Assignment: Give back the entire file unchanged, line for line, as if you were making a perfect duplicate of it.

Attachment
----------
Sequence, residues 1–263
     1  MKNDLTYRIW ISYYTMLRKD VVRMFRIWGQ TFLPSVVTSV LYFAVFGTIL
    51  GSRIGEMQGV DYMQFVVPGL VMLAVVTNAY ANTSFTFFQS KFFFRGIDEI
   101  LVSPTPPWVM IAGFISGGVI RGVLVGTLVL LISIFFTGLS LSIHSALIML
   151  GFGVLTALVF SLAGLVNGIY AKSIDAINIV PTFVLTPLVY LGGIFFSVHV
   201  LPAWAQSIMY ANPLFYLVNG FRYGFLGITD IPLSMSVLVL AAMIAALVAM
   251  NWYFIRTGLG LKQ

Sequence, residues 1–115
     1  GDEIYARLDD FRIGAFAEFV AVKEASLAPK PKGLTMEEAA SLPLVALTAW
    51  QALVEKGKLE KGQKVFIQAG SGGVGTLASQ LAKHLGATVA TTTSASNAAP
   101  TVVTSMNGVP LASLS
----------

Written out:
Sequence, residues 1–263
     1  MKNDLTYRIW ISYYTMLRKD VVRMFRIWGQ TFLPSVVTSV LYFAVFGTIL
    51  GSRIGEMQGV DYMQFVVPGL VMLAVVTNAY ANTSFTFFQS KFFFRGIDEI
   101  LVSPTPPWVM IAGFISGGVI RGVLVGTLVL LISIFFTGLS LSIHSALIML
   151  GFGVLTALVF SLAGLVNGIY AKSIDAINIV PTFVLTPLVY LGGIFFSVHV
   201  LPAWAQSIMY ANPLFYLVNG FRYGFLGITD IPLSMSVLVL AAMIAALVAM
   251  NWYFIRTGLG LKQ

Sequence, residues 1–115
     1  GDEIYARLDD FRIGAFAEFV AVKEASLAPK PKGLTMEEAA SLPLVALTAW
    51  QALVEKGKLE KGQKVFIQAG SGGVGTLASQ LAKHLGATVA TTTSASNAAP
   101  TVVTSMNGVP LASLS